NSA director defends spying efforts
Iran Press TV
Sat Oct 12, 2013 9:42PM GMT
US National Security Agency Director Gen. Keith B. Alexander has once again defended agency's surveillance programs, saying he sees no effective alternative to the bulk collection of telephone and other electronic metadata from Americans.
American whistleblower Edward Snowden first revealed in June that the NSA has two secret programs, which collect records about personal communications in the name of national security.
General Alexander, who's the public face of the programs now, has urged US intelligence officials to explain more to the public about the NSA's role as controversy grows over disclosures of the secret missions.
"Given where we are and all the issues that are on the table, I do feel it's important to have a public, transparent discussion on cyber so that the American people know what's going on," General Alexander said, as quoted by the New York Times. "And in order to have that, they need to understand the truth about what's going on."
The general, who is expected to retire as early as next year, has given a number of speeches in recent weeks to counter a highly negative portrayal of the agency's spying efforts.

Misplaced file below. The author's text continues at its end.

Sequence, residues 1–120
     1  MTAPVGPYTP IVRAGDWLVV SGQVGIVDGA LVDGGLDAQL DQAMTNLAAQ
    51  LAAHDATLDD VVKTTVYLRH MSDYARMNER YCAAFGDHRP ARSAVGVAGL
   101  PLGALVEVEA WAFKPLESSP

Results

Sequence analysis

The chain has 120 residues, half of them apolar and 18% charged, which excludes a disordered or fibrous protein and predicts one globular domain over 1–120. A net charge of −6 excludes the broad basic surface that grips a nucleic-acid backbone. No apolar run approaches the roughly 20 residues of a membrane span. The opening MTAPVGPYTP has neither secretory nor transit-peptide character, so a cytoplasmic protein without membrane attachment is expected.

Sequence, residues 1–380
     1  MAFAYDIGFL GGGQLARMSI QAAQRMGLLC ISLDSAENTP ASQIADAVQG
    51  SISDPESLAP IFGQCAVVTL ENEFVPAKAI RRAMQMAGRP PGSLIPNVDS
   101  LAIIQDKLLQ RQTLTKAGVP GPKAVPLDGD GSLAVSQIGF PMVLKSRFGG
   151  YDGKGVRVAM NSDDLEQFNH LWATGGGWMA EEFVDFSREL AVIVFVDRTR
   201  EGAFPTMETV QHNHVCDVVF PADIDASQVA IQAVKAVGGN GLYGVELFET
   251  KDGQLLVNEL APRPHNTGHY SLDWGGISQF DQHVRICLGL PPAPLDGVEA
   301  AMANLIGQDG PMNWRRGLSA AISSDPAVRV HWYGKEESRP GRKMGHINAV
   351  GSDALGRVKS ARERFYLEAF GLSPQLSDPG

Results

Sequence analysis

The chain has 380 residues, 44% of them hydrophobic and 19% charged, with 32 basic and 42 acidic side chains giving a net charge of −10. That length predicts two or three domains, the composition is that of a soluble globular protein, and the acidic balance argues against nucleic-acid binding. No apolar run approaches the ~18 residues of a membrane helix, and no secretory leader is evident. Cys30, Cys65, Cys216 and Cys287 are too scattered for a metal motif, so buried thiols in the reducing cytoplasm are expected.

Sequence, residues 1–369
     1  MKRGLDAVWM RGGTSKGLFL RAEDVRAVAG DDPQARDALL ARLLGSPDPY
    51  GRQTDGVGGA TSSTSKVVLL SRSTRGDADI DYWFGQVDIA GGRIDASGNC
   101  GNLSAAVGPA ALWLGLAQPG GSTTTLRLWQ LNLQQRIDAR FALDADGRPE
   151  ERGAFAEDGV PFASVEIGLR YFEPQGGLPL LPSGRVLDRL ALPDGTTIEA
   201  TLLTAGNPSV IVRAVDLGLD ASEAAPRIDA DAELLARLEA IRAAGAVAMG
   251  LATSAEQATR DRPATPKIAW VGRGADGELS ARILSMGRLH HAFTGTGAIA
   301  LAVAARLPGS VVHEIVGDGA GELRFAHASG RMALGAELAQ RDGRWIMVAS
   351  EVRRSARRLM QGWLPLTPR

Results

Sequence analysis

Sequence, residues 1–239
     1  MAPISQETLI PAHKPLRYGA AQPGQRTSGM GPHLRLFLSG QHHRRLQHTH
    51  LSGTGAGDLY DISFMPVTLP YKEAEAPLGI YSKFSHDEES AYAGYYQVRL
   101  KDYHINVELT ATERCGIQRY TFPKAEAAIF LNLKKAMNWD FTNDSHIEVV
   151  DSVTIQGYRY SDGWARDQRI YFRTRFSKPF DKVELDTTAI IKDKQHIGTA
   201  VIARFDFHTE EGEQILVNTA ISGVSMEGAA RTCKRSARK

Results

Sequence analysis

He insists that the main problem is a public misunderstanding about the programs. "We, and that includes the press, have not informed the American people in such a way that they can make a right decision here," he said.
But he acknowledged that the programs are now facing the possibility of Congressional restrictions, after revelations about its operations at home and abroad, the Times said.
Head of the Senate Judiciary Committee Senator Patrick J. Leahy, has already drafted legislation to eliminate the NSA's ability to systematically obtain Americans' calling records.
Representative Jim Sensenbrenner is also drafting a bill that would significantly cut back on domestic surveillance programs, according to the newspaper.
Snowden, who leaked the scandal, is now in Russia where he has been granted temporary asylum. He is wanted in the US for espionage charges.
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